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by rhapsodists of "mere fantasies," is a theory which will not account for the uniformity, both as to subject and expression, which we find in the different versions of the same episode. The story, he says, was repeated over and over, till at last it assumed a form suitable to the spiritual requirements of the age, and so became fixed in the same as its permanent form. But the efforts of mere fancy would not of themselves crystallise into any such uniform shape; rather, repetition in different lands, and by various rhapsodists, would produce an infinity of form and colour. To account for the sameness of the episodes, therefore, we must assume something common in their origin. 

The common material was no doubt that which it professed to be, namely, the statement of some one of the Companions. Indeed, as respects the Heavenly journey, the most extravagant of all the episodes, Sprenger has satisfied himself (as we have seen) that it can be traced back to the very narrative of Mahomet's own servant; and he deduces the conclusion, that early origin affords no criterion of a story being founded on fact.1 On the contrary, we hold that early origin does afford a strong presumption that there was at bottom an element of fact, a kernel of reality—small it might be, but still real—which devotion has seized on as a centre around which to cast its halo of the marvellous and supernatural. That there is such a nucleus even for the Heavenly journey, i.e. for Mahomet's having told a story of the kind, is proved by the mention of it in the XVII. Sura, and by the scandal occasioned thereby at the first, even among his own followers. And so with the tales of the miracles of Mahomet,—puerile fabrications as they evidently are,—we can generally trace in tradition some real incident on which they were engrafted, which prompted the idea, and gave to fancy a starting-point for its fairy creations and illusive colouring.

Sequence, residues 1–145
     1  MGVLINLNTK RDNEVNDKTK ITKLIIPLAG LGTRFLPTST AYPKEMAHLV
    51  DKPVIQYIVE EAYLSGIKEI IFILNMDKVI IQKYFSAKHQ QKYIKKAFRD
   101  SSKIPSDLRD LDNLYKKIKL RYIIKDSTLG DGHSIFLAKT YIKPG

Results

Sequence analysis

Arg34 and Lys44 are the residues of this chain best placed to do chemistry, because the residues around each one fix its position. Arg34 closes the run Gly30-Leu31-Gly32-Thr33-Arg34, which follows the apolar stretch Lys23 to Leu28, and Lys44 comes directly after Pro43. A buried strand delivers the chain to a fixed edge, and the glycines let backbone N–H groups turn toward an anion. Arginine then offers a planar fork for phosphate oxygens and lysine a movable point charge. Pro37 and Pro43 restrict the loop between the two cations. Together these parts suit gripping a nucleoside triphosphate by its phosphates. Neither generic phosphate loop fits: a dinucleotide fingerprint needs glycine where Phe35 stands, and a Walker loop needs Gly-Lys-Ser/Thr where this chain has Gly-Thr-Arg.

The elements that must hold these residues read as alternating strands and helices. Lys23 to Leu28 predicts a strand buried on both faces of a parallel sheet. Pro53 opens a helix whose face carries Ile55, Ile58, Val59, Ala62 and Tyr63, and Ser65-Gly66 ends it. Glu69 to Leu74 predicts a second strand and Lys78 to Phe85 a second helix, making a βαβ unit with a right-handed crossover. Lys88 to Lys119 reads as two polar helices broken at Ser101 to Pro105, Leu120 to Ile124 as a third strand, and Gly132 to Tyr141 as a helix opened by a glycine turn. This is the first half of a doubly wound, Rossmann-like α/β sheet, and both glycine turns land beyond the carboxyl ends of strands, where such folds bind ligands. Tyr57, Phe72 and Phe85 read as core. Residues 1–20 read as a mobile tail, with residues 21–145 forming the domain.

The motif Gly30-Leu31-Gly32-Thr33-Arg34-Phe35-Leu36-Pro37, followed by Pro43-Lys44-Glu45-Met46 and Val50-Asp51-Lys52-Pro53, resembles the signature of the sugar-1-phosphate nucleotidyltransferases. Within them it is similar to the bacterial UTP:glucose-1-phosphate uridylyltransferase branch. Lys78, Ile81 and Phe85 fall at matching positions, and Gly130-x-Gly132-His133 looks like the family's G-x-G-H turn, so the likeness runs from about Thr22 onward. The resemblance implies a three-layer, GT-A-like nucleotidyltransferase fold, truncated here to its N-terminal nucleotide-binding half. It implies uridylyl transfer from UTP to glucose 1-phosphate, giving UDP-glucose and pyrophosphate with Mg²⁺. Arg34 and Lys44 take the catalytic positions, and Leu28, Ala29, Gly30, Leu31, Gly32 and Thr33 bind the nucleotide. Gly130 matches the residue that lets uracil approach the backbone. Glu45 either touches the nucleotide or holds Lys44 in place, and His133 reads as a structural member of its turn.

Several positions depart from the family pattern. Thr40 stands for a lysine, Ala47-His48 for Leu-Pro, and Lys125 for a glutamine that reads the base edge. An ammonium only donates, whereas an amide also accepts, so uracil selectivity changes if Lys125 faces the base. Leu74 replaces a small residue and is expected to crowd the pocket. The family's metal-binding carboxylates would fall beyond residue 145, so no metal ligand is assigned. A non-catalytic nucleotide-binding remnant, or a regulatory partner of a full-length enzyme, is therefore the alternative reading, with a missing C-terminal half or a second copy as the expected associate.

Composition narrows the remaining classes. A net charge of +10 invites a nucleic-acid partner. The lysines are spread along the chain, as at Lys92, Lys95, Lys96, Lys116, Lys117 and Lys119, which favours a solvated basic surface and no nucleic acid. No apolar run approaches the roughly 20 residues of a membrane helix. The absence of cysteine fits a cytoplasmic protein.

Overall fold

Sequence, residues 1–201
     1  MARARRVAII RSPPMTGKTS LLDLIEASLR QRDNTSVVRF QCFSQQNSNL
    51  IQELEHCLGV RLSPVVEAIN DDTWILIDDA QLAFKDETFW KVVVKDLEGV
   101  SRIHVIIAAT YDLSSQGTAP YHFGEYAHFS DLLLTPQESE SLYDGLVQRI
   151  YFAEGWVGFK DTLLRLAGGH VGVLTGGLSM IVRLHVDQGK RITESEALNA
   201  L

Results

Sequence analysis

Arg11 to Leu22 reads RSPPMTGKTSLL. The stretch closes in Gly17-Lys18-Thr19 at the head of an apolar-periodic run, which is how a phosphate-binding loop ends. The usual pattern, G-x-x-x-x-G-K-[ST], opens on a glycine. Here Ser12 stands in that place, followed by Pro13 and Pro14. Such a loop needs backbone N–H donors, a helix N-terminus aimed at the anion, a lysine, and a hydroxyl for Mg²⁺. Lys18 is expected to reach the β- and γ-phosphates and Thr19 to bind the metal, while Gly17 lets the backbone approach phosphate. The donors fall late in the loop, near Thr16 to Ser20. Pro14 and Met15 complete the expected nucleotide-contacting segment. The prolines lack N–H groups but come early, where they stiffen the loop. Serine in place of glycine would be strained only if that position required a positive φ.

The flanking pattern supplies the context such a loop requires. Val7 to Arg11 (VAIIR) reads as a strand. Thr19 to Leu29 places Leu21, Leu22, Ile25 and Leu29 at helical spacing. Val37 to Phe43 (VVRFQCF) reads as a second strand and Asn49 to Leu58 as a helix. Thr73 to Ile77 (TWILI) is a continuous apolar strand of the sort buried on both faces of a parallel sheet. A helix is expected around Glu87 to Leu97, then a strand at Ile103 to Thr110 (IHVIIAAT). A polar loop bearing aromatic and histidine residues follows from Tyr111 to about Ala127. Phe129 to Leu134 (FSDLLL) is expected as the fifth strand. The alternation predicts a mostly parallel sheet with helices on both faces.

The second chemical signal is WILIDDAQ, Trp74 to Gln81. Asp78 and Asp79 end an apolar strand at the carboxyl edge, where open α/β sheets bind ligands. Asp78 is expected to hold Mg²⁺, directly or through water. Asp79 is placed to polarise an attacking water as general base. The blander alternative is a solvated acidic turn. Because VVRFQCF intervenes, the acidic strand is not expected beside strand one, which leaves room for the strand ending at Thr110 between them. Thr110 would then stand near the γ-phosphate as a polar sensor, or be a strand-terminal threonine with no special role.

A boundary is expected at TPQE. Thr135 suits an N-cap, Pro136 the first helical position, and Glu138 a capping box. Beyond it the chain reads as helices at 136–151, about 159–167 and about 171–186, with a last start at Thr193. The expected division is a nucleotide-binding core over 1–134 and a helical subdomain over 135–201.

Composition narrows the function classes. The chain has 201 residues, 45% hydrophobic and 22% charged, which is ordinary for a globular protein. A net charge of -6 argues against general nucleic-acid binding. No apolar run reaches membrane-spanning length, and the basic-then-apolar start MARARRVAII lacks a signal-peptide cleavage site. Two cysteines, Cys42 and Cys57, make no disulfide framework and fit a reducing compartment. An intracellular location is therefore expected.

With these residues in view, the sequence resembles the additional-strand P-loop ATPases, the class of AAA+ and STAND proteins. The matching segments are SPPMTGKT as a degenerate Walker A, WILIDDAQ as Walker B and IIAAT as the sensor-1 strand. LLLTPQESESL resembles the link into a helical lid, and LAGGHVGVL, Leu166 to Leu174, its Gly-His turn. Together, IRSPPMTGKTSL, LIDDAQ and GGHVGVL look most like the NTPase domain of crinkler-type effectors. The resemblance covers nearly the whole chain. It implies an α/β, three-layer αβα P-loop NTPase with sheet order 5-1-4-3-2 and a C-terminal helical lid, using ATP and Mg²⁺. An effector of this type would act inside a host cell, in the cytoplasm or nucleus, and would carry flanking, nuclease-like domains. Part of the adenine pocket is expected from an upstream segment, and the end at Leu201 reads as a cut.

The early date at which episodes took fixed shape must afford a certain measure of security that the tales they tell are not altogether legendary. They proceeded from witnesses more or less acquainted with the real facts, and were promulgated in a manner which challenged contradiction from other competent 

1 Vol. iii. p. lix. 


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